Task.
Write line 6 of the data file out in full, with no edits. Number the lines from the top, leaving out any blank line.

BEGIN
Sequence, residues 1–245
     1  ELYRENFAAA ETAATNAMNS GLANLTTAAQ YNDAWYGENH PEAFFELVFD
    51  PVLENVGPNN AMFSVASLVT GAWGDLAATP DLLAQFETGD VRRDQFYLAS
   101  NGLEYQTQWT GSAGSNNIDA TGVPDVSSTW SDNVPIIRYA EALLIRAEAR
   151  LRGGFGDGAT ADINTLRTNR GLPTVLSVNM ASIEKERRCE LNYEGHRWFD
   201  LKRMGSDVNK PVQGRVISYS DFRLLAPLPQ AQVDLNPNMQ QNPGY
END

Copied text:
   201  LKRMGSDVNK PVQGRVISYS DFRLLAPLPQ AQVDLNPNMQ QNPGY